Nonprofit, independent journalism. Supported by readers.


World Without Genocide book clubs: Tackling tough questions

On a recent Tuesday evening, members of a World Without Genocide book club gathered in a Guthrie Theater classroom to discuss Robert Skloot’s one-act play, “If the Whole Body Dies.”

On a recent Tuesday evening, members of a World Without Genocide book club gathered in a Guthrie Theater classroom to discuss Robert Skloot’s one-act play, “If the Whole Body Dies.”

World Without Genocide — a local nonprofit dedicated to global advocacy for human rights and genocide education, awareness and prevention — launched book clubs in January.

Subject-driven book clubs are on the rise, with themes ranging from yoga to Christian marriage to organic farming to lesbianism. Book clubs with themes as weighty and painful as genocide are unusual.

Members of this book club have found reading genocide literature and participating in community dialogue about human rights to be valuable learning experiences.

Article continues after advertisement

With five groups in the Twin Cities and one in St. Cloud, the program seems to be going strong.

‘If the Whole Body Dies’
Led by Ellen Kennedy, founder and executive director of World Without Genocide, book club members reviewed and reacted to April’s reading.

Skloot’s play details an imagined meeting between three key figures in genocide prevention during the second half of the 20th century: Raphael Lemkin, Wisconsin Sen. William Proxmire and Anne Frank.

Lemkin, a Polish Jew who lost 49 members of his family in the Holocaust, coined the word “genocide” in 1943 and wrote the Convention on the Prevention and Punishment of the Crime of Genocide, which was adopted by the United Nations in 1948.

Proxmire, another indefatigable activist, gave 3,211 speeches on the Senate floor — a speech a day for 19 years — until the Senate ratified the Treaty Against Genocide in 1986, almost 40 years after its passage in the United Nations.

Working its way through a dense list of discussion questions, book club members address the significance of the word “genocide.”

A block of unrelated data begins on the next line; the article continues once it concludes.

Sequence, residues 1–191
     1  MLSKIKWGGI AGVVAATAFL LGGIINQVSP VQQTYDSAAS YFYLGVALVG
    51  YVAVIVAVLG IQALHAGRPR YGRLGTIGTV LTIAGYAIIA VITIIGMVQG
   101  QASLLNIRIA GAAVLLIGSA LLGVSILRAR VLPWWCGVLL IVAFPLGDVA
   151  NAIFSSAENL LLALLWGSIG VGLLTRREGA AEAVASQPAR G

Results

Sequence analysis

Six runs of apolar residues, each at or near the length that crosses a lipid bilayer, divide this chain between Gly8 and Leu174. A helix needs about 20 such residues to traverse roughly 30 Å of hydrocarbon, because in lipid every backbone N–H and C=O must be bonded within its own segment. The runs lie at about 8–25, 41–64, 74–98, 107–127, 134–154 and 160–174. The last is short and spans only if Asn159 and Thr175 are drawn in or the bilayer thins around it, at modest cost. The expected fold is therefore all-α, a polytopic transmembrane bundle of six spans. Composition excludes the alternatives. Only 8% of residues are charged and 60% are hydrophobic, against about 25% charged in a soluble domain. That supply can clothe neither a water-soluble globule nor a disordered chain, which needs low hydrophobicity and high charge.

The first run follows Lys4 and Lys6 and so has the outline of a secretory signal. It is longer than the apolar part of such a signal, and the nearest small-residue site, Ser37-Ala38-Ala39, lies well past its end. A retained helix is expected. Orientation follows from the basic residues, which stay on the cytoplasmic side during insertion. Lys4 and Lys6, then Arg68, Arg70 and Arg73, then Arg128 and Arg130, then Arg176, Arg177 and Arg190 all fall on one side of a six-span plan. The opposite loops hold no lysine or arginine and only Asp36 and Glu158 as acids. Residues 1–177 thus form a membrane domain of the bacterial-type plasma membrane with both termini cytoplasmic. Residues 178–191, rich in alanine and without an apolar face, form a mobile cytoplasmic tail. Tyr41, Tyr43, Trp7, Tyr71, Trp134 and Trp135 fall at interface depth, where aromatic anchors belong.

Theorizing about reluctance
Referencing well-documented debates over the use of the term “genocide” to describe atrocities Rwanda and Darfur, members theorized why political leaders and institutions resist the descriptor in favor of “land conflicts,” “ethnic cleansing” and “insurgency and counterinsurgency.”

Several members suggested that officials shy away from labeling campaigns of terror as “genocide” because the designation necessitates responsibility to stop the killing and punish the perpetrators — a responsibility that may diverge from immediate self-interests.

Attendee Heather Schommer questioned this logic. “I think people assumed the classification of the conflict in Darfur as genocide would spur international efforts to intervene in Sudan, but I don’t think it did. Congress classified the ethnic violence in Darfur ‘genocide’ in 2004, but there was no political will, no commitment behind it; the genocide continues.”

Article continues after advertisement

Members surmised that perhaps political controversy over the label ‘genocide’ overshadowed the more vital concern: mobilizing an effective response.

By the very of the nature of the book club, conversation among members tends to veer toward larger ideological issues and the relevance of the reading to current events rather than focus on authorial intent, technique, or style.

Kennedy asked the group what Lemkin and Proxmire might think about the current state of world affairs, about the United Nations’ action (or rather, inaction) in Darfur, about the impact of their work on the course of history.

Dismayed, outraged, and horrified, concluded members.

It seemed clear to the group that Lemkin’s battle to abolish genocide is far from over.

Looking backward, moving forward
Undoubtedly, it is difficult to read about and discuss humanity’s most heinous, ghastly crimes.

“The subjects we read about are interesting and horrifying at the same time,” said member Maggie Catambay, “but the devastation of genocide needs to be examined, the trauma needs to be dealt with.”

Readers also gain inspiration from the material, which serves as a warning against moral complacency and a call to meaningful action.

Members are motivated by Skloot’s play, by Lemkin and Proxmire’s commitment and perseverance. The stories spur readers to continue Lemkin’s unfinished mission to end genocide, to forge ahead in the struggle for human rights.

Article continues after advertisement

After the meeting, I talked briefly with Kennedy, who was still wearing a corsage from an awards ceremony earlier in the evening, where World Without Genocide received the University of Minnesota’s 2010 Outstanding Community Service Award.

 “I discuss this topic all the time,” said Kennedy, “but hearing people’s insights always amazes me. Readers’ responses are often really quite profound and moving.”

To join a World Without Genocide book club, email info[at]worldwithoutgenocide[dot]org. Include your name, ZIP code, and preferred location. The book selection for May is “We Wish to Inform You That Tomorrow We Will Be Killed With Our Families” by Philip Gourevitch, who reported from Rwanda for the New Yorker.

Sarah T. Williams, regular writer of Book Club Diary, is taking some time off to deal with family matters. We look forward to her return and thank BCC blogger Audra Otto for keeping the Diary going.